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Garden and landscape need winterizing too PDF Print E-mail

By David Lott
UNL Extension Educator
Cooler weather is starting to set in now! As we are enjoying this cool weather, fall foliage, bright chrysanthemums and all the pumpkins, we need to think about winterizing yards and landscapes. Here are a few chores to be working on or at least be thinking about!
• Disconnect and drain all garden hoses so the water doesn’t freeze up in the hose.
• Drain lawn sprinkler systems and winterize the system to avoid winter damage.
• Drain water out of garden fountains. Remove the pump and store it in a safe place for the winter. If the fountain can be moved into a shed or garage, this will help reduce the chance of freezing water being trapped in the fountain bowls and pools. If the fountain cannot be moved, cover it with a fountain cover bag or a tarp.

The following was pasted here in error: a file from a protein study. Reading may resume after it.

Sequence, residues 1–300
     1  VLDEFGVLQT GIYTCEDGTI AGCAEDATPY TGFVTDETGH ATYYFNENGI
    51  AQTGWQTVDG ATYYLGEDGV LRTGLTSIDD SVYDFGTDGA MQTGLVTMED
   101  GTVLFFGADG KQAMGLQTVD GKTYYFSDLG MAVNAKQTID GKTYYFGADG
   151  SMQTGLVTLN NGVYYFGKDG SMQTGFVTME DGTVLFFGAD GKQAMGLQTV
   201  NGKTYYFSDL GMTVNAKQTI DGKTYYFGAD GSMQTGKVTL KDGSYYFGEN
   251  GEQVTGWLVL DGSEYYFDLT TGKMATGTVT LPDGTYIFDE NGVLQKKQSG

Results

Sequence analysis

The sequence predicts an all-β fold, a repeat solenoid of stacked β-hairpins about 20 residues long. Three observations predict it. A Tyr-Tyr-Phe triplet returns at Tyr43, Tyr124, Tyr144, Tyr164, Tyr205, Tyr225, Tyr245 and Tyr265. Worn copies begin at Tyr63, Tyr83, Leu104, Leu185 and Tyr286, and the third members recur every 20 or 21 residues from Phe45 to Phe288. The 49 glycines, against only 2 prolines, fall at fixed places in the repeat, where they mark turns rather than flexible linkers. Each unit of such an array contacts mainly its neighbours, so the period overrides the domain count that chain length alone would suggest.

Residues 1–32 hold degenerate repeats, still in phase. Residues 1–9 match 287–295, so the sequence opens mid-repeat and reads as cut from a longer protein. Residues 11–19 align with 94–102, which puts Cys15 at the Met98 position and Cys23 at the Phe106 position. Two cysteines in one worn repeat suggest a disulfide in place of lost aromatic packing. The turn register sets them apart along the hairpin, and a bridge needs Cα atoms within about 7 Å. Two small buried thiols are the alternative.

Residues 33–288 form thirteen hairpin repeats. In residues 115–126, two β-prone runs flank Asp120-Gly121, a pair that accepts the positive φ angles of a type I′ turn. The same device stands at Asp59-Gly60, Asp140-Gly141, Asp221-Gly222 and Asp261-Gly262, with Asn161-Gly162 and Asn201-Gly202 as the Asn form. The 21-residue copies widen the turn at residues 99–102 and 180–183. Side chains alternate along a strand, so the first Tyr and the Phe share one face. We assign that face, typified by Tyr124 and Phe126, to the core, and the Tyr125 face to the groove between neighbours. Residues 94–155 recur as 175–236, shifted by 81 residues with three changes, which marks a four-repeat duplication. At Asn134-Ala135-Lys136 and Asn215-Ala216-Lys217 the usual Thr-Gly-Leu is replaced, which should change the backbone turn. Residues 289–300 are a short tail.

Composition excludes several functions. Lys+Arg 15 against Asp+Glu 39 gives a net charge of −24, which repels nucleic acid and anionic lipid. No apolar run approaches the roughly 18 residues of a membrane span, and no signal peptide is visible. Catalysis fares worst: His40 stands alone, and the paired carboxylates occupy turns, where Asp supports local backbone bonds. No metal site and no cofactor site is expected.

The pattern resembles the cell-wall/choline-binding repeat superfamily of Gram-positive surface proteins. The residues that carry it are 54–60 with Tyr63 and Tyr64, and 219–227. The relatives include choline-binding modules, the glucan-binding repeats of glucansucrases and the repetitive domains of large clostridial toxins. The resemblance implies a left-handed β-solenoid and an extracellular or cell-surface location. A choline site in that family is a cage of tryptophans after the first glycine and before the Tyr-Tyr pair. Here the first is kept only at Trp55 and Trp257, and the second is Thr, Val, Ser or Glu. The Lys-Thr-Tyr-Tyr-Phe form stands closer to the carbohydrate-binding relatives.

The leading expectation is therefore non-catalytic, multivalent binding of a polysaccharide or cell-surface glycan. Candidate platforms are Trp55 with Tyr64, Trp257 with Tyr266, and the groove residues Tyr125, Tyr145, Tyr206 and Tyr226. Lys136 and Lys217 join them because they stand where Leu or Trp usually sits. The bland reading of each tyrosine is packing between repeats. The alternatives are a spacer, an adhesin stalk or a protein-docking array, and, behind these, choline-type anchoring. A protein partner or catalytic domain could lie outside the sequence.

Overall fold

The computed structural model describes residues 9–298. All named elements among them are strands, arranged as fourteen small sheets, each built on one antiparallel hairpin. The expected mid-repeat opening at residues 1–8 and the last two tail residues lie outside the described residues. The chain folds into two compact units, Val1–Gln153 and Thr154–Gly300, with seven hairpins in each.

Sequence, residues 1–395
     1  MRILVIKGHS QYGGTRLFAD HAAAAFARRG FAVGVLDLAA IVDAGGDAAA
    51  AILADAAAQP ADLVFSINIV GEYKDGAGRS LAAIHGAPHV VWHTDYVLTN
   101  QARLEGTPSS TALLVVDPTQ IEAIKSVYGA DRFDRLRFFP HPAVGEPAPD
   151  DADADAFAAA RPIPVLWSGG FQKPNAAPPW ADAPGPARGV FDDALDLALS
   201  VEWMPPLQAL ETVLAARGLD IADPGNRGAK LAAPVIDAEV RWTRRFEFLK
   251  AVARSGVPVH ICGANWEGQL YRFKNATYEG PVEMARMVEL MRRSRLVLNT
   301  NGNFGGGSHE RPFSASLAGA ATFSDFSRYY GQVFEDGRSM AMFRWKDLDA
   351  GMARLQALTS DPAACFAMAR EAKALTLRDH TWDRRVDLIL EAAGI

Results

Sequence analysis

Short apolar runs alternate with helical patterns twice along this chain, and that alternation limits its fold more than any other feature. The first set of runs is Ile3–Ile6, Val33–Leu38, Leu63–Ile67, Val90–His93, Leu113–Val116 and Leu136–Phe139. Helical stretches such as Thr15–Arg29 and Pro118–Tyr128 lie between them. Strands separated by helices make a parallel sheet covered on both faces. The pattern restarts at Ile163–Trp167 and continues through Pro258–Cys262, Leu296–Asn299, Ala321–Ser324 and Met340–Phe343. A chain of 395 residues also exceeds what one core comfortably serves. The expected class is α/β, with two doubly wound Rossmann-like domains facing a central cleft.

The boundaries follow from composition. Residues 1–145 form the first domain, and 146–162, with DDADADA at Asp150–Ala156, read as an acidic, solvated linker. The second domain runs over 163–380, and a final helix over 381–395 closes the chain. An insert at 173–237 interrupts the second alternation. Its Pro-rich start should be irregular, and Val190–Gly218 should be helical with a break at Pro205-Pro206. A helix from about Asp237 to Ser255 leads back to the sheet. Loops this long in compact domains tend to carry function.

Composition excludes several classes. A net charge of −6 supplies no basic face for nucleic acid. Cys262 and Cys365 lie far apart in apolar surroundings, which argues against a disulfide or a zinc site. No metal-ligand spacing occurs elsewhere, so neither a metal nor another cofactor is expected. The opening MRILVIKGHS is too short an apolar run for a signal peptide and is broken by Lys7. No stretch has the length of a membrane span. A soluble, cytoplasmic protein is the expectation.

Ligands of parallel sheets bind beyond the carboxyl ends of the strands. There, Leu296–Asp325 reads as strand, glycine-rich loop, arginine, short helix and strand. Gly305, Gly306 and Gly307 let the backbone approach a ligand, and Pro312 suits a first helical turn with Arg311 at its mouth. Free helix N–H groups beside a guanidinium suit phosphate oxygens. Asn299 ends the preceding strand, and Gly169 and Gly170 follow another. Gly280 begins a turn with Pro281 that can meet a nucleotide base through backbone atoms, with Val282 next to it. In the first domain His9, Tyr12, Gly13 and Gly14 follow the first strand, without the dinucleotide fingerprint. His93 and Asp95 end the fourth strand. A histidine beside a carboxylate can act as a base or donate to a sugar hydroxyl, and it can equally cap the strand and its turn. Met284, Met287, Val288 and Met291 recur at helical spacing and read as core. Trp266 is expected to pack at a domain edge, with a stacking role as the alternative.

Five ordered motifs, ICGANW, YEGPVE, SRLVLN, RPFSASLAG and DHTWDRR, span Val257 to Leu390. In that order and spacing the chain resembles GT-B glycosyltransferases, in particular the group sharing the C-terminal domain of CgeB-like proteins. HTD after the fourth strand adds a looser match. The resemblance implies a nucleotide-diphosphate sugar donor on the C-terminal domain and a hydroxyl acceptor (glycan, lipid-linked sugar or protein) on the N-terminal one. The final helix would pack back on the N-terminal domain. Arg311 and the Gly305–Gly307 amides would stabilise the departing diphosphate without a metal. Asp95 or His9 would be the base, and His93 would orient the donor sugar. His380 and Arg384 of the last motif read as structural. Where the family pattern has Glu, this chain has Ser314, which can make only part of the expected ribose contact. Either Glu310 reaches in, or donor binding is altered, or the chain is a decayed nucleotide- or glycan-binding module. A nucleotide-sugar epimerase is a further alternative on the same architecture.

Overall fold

• Fertilize existing bulb beds for good bloom quality next spring!
• Remove dead garden debris out of the garden. Destroyed diseased or blighted plant material. Healthy plant material can be added to a compost pile.
• Remove leaves off the yard. Leaves can be added to compost piles or tilled into garden beds.
• Clean leaves and debris out of house gutters to avoid plugged gutters that could freeze up.
• Cut back and winterize rose bushes by Thanksgiving.
• Apply a layer of mulch around perennial landscape plants to help insulate them for the winter.
• Clean out garden pond pumps so they are ready for next year. If you have fish in the pond, consider installing a water heater to keep the fish alive over the winter.
• Put away yard furniture in a safe storage place to avoid cracking and winter damage.
• Clean all debris and soil from garden tools. A broken piece of brick seems to do a good job of scouring of debris and soil away. Store garden tools to avoid winter damage and rusting.
If you have any questions about these winterizing tips, please send an e-mail to This e-mail address is being protected from spambots. You need JavaScript enabled to view it , by calling (308) 696-6781, or by contact your local University of Nebraska-Lincoln Extension Office. Have a great week!